Coaching Strategy With:<BR> Joe Bugel

The Redskins' assistant coach for offense/line coach provides an inside look at what type of blocking is favored for this unit.

EDITOR'S NOTE: This will become a weekly feature starting with training camp. We'll provide insight into the game by talking to various Redskins coaches about the subtleties of the game, making you an expert viewer. Subscribers can participate by sending questions about topics they'd like covered, like how to beat a two-deep zone or what a running back must do to pick up a blitz. We'll get as many of those answered as we can.

''We've always favored zone blocking and that's even more true now with what the defense is doing with all the different dogs and stunts, they're not playing straight anymore. Ninety-five percent of what they do is blitz and slants. If you tried to block that with man blocking, you'd get picked off all afternoon.''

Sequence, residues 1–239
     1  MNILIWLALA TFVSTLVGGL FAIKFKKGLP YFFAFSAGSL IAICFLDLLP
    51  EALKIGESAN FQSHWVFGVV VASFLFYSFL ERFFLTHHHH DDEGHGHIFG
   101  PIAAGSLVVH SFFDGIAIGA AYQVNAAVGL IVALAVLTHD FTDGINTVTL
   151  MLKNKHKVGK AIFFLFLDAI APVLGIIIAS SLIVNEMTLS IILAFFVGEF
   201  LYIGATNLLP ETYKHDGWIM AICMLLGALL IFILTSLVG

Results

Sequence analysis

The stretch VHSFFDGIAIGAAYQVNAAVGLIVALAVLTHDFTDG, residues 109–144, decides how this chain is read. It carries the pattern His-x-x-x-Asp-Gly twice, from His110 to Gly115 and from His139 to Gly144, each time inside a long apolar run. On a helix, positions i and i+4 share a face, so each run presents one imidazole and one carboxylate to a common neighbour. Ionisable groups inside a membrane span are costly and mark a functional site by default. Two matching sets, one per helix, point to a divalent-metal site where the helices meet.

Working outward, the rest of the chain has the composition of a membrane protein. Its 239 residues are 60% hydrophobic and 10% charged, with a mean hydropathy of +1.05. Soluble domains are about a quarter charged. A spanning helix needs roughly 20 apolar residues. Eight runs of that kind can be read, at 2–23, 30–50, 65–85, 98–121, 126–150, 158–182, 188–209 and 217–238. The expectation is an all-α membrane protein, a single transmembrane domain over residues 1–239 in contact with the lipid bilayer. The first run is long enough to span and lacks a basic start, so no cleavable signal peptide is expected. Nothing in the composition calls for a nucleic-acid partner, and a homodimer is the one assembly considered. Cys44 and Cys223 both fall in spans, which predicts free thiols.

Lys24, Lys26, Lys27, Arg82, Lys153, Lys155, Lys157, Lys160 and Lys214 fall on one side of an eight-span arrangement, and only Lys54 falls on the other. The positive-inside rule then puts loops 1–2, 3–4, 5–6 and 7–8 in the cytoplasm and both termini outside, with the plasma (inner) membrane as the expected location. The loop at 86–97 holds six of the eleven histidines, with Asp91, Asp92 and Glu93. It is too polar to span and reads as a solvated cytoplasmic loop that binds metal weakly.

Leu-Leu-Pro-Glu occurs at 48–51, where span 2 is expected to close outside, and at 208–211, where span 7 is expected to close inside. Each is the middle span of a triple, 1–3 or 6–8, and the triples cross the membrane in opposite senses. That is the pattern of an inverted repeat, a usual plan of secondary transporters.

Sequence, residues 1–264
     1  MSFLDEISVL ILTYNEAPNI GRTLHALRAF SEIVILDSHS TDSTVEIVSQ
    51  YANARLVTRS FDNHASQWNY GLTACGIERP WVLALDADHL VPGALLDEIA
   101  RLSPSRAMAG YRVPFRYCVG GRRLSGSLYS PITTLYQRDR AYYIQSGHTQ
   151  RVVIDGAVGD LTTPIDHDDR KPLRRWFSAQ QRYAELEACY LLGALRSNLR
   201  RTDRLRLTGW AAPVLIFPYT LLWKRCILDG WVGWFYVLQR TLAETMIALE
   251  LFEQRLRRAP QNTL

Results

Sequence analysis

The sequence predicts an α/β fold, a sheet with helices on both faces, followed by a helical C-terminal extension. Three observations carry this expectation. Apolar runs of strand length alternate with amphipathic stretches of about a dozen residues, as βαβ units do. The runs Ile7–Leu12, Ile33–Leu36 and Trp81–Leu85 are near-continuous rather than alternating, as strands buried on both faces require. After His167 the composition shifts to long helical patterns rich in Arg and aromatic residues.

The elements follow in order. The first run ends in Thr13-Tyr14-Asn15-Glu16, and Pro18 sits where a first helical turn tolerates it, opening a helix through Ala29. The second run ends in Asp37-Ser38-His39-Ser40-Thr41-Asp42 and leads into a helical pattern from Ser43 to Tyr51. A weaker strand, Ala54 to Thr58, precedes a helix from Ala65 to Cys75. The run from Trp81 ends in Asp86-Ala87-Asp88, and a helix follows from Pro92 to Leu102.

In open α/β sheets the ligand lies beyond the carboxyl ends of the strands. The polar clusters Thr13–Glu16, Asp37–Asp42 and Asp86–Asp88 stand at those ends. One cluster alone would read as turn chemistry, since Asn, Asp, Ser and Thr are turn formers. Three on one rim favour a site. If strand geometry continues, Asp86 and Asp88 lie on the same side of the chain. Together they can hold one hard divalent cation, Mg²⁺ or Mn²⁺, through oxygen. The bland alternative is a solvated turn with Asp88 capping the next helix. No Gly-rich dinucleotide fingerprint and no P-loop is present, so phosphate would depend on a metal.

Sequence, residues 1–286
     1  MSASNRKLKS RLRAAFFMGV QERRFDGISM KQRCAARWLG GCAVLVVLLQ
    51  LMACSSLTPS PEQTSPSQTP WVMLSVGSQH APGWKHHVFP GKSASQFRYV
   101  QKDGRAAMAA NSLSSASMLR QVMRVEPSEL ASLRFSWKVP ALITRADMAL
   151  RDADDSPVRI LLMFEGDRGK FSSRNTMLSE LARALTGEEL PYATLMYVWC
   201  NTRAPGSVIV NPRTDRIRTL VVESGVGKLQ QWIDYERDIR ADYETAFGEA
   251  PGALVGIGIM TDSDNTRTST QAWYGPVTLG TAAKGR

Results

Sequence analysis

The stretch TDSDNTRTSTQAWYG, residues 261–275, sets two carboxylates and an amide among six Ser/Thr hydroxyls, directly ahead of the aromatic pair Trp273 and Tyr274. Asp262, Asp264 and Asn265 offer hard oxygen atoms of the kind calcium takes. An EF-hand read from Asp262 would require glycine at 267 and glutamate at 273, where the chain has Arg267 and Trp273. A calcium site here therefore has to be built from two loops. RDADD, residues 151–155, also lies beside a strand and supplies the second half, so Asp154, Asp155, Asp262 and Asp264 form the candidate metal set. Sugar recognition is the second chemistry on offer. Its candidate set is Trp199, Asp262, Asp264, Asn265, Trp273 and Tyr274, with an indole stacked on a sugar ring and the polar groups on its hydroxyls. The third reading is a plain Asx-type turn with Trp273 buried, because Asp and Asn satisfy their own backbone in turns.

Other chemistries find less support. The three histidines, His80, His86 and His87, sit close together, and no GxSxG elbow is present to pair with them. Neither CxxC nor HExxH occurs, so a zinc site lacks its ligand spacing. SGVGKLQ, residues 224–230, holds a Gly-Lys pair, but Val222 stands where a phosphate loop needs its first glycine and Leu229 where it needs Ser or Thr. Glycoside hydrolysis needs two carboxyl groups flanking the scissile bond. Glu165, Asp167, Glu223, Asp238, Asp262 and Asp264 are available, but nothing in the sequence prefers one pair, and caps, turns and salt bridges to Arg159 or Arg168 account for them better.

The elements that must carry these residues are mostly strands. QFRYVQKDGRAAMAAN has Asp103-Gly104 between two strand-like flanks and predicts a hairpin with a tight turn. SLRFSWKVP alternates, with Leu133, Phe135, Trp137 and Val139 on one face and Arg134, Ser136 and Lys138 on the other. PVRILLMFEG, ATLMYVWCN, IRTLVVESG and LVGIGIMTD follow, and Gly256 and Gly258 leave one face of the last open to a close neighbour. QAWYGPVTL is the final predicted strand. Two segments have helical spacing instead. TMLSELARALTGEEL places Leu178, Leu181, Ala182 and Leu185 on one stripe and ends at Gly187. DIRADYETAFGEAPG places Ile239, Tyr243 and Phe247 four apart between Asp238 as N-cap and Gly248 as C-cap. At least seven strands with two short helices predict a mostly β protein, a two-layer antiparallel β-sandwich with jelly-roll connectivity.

''We like zone blocking because it enables your men to fly off the football without taking any hesitation steps. When you block man to man you put your linemen in a very bad disadvantage because you can never fire off, not knowing if this guy is going inside, outside or coming through you. We believe strongly in zone blocking schemes because we help each other and that's the biggest thing right there. You come off and you go through a gap. If that gap is voided, you just continue to go.

''You're assigned to fire out one way or another and you get a helper inside of you. That's the thing about zone blocking. The outside guy gets the outside half and the inside guy gets the inside half. You get a lot of double teams in our zone scheme.

''You have to have tremendous communication. You can't fool each other on that. Once the call is made and I'm Jon Jansen, I expect Randy to be in my hip pocket because if the defensive lineman does anything unexpected, then Randy would overtake Jon's man and Jon would overtake Randy's man.''

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